(A recent CNN opinion poll showed a substantial number of Americans -- 42 percent -- said slavery was not the chief reason for Southern secession, suggesting that more than four in ten Americans believe that the war was fought over states’ rights. Among Tea Party supporters, a majority, 54 percent, said slavery was not the main issue. Among all respondents, however, 54 percent identified slavery as the chief cause.)
States’ rights have often been cited by Confederate sympathizers as the explanation for secession, but the claim was always a cover for the underlying issue of slavery.
President Abraham Lincoln’s first inaugural address should settle the question: “One section of our country believes slavery is right and ought to be extended, while the other believes it is wrong and ought not to be extended. This is the only substantial dispute.”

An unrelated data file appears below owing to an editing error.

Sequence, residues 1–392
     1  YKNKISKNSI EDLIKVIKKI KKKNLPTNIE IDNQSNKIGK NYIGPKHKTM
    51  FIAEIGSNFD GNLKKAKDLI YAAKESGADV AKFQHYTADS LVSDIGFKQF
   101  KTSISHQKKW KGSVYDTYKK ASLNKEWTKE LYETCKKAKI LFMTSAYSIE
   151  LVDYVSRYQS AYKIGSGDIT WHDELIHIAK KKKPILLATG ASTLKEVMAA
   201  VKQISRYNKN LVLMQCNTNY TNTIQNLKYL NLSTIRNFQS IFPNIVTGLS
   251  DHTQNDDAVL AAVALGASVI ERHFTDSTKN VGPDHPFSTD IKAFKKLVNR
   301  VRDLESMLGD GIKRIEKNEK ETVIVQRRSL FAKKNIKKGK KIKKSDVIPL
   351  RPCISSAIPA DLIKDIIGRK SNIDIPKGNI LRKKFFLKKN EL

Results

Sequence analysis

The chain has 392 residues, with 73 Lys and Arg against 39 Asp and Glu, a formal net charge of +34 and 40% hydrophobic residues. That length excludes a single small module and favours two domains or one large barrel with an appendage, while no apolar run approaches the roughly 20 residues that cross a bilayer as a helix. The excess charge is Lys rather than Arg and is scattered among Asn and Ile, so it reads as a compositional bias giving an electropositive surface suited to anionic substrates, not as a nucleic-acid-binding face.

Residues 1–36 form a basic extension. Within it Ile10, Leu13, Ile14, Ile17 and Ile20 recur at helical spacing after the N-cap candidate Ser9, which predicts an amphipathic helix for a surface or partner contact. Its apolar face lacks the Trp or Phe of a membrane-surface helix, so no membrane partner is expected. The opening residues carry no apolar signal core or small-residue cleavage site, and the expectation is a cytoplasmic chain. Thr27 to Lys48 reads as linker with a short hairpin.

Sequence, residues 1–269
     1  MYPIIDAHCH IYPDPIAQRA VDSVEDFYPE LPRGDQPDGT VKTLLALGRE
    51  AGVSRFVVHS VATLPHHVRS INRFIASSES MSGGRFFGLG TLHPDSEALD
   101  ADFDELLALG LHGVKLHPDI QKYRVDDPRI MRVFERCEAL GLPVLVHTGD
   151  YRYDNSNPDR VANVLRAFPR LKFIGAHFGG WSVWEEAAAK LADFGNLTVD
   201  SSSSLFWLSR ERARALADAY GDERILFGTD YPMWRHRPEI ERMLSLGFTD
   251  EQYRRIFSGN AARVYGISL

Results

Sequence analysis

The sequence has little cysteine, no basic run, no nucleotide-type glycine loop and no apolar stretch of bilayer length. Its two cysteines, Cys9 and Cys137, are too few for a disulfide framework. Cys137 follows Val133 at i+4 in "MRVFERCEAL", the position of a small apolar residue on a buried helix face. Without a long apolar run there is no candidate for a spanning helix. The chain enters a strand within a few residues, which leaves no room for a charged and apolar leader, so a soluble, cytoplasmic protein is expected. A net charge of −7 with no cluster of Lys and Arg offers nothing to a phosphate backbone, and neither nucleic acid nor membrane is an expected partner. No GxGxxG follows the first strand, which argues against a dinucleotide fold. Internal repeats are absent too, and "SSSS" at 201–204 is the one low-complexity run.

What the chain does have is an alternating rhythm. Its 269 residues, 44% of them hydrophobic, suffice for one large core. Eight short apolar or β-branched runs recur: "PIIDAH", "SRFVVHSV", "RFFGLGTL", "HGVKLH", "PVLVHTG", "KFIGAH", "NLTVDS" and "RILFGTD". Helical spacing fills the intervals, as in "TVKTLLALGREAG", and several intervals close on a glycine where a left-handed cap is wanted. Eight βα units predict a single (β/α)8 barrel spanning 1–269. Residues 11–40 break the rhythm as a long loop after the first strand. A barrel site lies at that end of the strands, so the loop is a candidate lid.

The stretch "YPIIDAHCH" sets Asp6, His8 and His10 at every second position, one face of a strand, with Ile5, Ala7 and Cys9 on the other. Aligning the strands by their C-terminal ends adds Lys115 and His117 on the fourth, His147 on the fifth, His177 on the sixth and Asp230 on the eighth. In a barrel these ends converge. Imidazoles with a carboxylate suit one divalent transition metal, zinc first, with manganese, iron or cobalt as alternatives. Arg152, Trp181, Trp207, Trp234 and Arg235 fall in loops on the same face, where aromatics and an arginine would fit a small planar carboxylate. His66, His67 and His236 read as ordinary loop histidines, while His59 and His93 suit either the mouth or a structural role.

Still, it is apparent that many Americans have worked very hard at rewriting history for the purpose of covering up the nation’s greatest scandal: The Great Melting Pot refuses to face its underlying racism.
In the midst of my ponderings, I returned to the Declaration of Independence, with the words that should have overriding power: “We hold these truths to be self-evident, that all men are created equal, that they are endowed by their Creator with certain unalienable rights, that among these are Life, Liberty, and the pursuit of Happiness.”
I noted, too, that there was no turning to religious authority for justification, instead the simple declaration: “We hold these truths to be self-evident.” There was no need for a proof-text. It is as plain as the nose on your face. All men are created equal.